We're at an awkward stage in the Libyan conflict. Muammar Qaddafi's opponents control much of the country, including Tripoli, and are busy plotting a post-Qaddafi future for Libya with world leaders. But a defiant Qaddafi is still at large and and pockets of his supporters continue to fight. It's a precarious situation for Libyans, but it's also a perplexing moment for journalists as they pause before typing the muscle-memory terms they've used to define the Libyan conflict for the past six months. Should we still refer to the rebels as the "rebels" or the "opposition"? Is Qaddafi still the (embattled) Libyan leader"? What is the "regime"? Is there a regime? Back in July we noted that opposition fighters didn't even like the media calling them "rebels," but now the situation's much more complicated.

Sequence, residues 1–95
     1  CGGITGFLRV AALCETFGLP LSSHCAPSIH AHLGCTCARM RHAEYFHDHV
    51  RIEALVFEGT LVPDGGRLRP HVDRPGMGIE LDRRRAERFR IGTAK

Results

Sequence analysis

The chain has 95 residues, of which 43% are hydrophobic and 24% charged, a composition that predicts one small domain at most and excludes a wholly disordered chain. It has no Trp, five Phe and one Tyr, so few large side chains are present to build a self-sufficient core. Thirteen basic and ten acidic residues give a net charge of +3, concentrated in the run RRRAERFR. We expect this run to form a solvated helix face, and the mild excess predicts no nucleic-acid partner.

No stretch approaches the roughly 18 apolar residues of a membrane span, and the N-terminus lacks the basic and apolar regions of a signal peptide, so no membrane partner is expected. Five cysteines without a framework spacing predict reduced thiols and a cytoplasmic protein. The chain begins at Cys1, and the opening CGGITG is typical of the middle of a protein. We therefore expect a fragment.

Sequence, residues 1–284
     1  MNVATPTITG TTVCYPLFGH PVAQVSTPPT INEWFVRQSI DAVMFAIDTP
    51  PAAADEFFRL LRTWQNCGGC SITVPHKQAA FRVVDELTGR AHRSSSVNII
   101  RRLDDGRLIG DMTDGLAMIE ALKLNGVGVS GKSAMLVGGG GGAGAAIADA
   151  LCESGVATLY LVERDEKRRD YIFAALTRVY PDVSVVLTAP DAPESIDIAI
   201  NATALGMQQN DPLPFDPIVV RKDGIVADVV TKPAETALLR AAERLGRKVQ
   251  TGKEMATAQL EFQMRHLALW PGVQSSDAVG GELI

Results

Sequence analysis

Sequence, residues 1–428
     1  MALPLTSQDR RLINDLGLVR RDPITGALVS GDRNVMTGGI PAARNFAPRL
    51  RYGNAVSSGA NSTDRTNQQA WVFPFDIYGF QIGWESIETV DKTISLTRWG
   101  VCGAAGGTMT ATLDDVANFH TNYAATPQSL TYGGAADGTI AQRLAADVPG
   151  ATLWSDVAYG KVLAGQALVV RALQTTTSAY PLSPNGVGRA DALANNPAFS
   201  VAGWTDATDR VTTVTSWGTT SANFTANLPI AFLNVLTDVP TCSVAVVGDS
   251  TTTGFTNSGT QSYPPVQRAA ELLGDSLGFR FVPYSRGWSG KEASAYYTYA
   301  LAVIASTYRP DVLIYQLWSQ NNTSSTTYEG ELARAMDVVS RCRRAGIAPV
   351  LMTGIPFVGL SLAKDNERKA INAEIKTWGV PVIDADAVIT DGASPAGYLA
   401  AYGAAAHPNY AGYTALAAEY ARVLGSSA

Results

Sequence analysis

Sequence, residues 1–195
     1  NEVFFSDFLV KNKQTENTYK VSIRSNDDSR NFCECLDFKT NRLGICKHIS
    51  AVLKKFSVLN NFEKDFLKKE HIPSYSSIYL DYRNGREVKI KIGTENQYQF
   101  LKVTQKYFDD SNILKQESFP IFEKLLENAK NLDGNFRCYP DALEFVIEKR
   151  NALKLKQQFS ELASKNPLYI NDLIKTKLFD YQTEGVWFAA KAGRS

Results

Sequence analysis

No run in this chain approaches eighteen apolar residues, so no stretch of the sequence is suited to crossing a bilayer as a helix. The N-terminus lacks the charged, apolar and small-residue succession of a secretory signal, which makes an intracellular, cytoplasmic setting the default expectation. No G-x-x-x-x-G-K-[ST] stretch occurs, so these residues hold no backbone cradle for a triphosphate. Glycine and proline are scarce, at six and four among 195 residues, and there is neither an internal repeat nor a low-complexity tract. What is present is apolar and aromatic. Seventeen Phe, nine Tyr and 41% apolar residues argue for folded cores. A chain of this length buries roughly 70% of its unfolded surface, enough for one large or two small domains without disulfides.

At least one news outlet appears to have arrived at an answer. This afternoon, CNN's Richard Allen Greene tweeted, "CNN style ruling: #Gadhafi is #Libya's former or ousted ruler. NTC are new or transitional leaders, not rebels" (NTC refers to the National Transitional Council). Indeed, a recent CNN article on the Libya conference in Paris today refers to "Libya's transitional leadership" and "forces opposed to Moammar Gadhafi continued to face forces loyal to the ousted leader." CNN, in other words, is calling this one for the anti-Qaddafi camp (to be fair, CNN is also running a piece today entitled, "Battle for Libya Not Quite Over."